Below is a short clip on the origin of rollerblading. I’m sharing it because I knew you would want to know. (You’re welcome.) As for me, getting out the old skates is nothing like riding a bike. I wiggle, jiggle, and wobble with the best of them. And then I go kersplat. Just before impact there’s usually a squeal of some sort. Followed by a groan.
I’ll take the “living hope” over the “little hope.”
Praise be to the God and Father of our Lord Jesus Christ! In his great mercy he has given us new birth into a LIVING HOPE through the resurrection of Jesus Christ from the dead, and into an inheritance that can never perish, spoil or fade—kept in heaven for you.
Ray Bradbury once said something to the effect that writing isn’t a serious business. Rather, it’s a joy and a celebration, so we should be having fun with it. Well, I think writing can also be a challenge, but if we go with Bradbury’s sentiment, what could be more joyful than writing—and doing it on a keyboard like this?
It was Marilyn McCoo and Billy Davis Jr. who sang that line, “You don’t have to be a star, baby, to be in my show.” It’s a good thing, too, or I’d be up the creek without a microphone. Indeed, I discovered last night that the best way to kill a classic is for me to sing it. But, oh, the “song-icide” can be so much fun.
We’ll be hosting a birthday party for our son this weekend, and the main activity is a karaoke event with his friends. Last night he came over, and we set up the equipment in our family room to test it and make sure it all works. One thing led to another, so for nearly three hours we added song after song to the queue, and we sang ourselves raspy over the course of the night. My selections included:
“Bohemian Rhapsody” (Queen)
“My Heart Will Go On” (Celine Dion)
“Theme from the Brady Bunch” (Sherwood Schwartz)
“Footloose” (Kenny Loggins)
“New York, New York” (Frank Sinatra)
“Y.M.C.A.” (Village People)
“Climb Every Mountain” (The Sound of Music)
“Kiss the Girl” and “Part of Your World” (The Little Mermaid)
“Somewhere in the Night” (Barry Manilow)
“I Will Always Love You” (Whitney Houston)
“Scenes from an Italian Restaurant” (Billy Joel)
And that’s just the tip of the iceburg of all the songs we attempted. Worse than my singing was the misguided attempt (by me) to dance during “Footloose.” All digital evidence of the spectacle has been destroyed. But the funniest moment was injecting Scuttle’s throaty little descant into “Kiss the Girl.” I may have ruptured something laughing at myself.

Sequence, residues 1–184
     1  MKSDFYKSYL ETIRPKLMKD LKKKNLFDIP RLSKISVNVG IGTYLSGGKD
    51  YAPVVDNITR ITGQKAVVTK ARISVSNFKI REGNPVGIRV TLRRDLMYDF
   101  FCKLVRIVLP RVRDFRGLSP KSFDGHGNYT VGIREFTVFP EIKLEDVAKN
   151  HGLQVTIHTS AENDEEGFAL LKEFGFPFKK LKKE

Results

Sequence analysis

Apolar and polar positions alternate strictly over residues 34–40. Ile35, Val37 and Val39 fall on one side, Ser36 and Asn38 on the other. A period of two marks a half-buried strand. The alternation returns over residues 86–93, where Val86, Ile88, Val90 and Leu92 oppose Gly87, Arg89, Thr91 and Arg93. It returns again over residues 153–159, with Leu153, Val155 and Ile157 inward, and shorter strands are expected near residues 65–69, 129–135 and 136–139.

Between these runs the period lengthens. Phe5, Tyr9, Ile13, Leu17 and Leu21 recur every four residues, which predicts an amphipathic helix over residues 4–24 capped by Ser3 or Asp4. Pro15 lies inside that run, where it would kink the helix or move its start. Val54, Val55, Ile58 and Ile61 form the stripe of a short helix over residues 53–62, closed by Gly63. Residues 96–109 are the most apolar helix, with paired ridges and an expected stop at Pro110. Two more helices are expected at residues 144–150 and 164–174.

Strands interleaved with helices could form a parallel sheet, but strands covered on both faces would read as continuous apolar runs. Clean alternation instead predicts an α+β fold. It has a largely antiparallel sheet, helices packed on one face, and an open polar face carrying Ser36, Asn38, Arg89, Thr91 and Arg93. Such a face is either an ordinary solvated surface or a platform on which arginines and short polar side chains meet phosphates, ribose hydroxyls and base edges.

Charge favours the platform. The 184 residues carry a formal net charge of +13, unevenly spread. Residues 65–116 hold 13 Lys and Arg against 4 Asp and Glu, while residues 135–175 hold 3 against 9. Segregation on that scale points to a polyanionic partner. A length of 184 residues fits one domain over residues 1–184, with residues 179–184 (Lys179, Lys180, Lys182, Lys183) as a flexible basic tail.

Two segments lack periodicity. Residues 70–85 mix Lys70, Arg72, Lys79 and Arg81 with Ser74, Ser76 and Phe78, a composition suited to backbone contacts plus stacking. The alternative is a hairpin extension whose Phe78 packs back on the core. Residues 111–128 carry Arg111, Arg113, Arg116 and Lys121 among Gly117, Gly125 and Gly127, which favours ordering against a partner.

I didn’t realize how much fun karaoke could be, or how much I needed to blow off a little steam after the crazy schedule I’ve been keeping lately (not to mention the awfulness of the pandemic year). As King Solomon once said, “A cheerful heart is good medicine, but a crushed spirit dries up the bones” (Prov 17:22).
All my life I’ve wanted to be a singer in the worst possible way. I can finally say that I’ve reached my goal.
This weekend I’m participating in the Future Church Summit put on by Fresh Expressions. (I’ve had the privilege of teaching in our doctoral program with a couple of the presenters, so I decided to pop in and see what they have to say.) Last night the conference coordinator prayed that God would speak to us in our dreams. (Yes, I believe that God can and sometimes does speak to us in our dreams.) Feel free to psychoanalyze me if you like, but I dreamed of coffee. Does that count as an answer to prayer?
My daughter got home from work today and couldn’t find her new cat. Just before breaking into full panic mode, she noticed something odd about her Christmas tree. One of its branches was moving.
Mystery solved. Mrs. Mosby went exploring. Happily, she didn’t pull over the whole tree. Nor did she get electrocuted. Can’t you just hear her saying, “How nice of those humans to put this big toy right in the middle of the living room for me”?
It’s nice to smile when the year has been so odd and the holiday so different. To keep things on the lighter side, I pardoned the vegetables this year. Only the turkey and potatoes were executed for the greater good. The broccoli, cauliflower, beets, corn, spinach, and green beans can keep their lives for another year. It’s better that way for everyone. Well, here are some actual fun highlights from the day:
Fun Highlight #1: My grandcat Mrs. Mosby was here. Her mission in life seems to be to convert me from being a dog person to a cat person. Given the demon-possessed Pomeranian I used to own, that shouldn’t be too difficult.
Fun Highlight #2: We chuckled at the Thanksgiving list my son made when he was in third grade. It’s prominently displayed on the family room piano. He listed all his toys and relatives. All the relatives, that is, except his sister. She didn’t make the cut. Come to think of it, first on his list was that demon-possessed Pomeranian referenced above.
Fun Highlight #3: I had a random conversation with my son-in-law about Halloween candy. He wanted to know why I dislike candy corn so much. I said, “Because there’s not enough chocolate in it.” I rest my case.
Fun Highlight #4: My son-in-law rocked Mrs. Mosby to sleep, after which she apparently had a charismatic dream (see below). I’m thinking she’s a Pentecostal.
O.k., time for some real Thanksgiving humor. 🙂 Enjoy!
Table cleared. Kitchen cleaned. Thanks given. O.k., NOW we can decorate and play Christmas music in this house!
Old Testament scholars are hard pressed to find an underlying rationale for the myriad dietary restrictions in the Mosaic law. It’s a good and important question, but not one I’ve thought about too terribly much over the years. I’m just glad the highlighted Hebrew word below is pronounced, “NO KALE.”
Truly, that’s how it’s pronounced, though it has nothing to do with kale. (My apologies if you thought this was a serious post. I’m just having way too much fun today—which is a good thing since the vacation ends tomorrow.)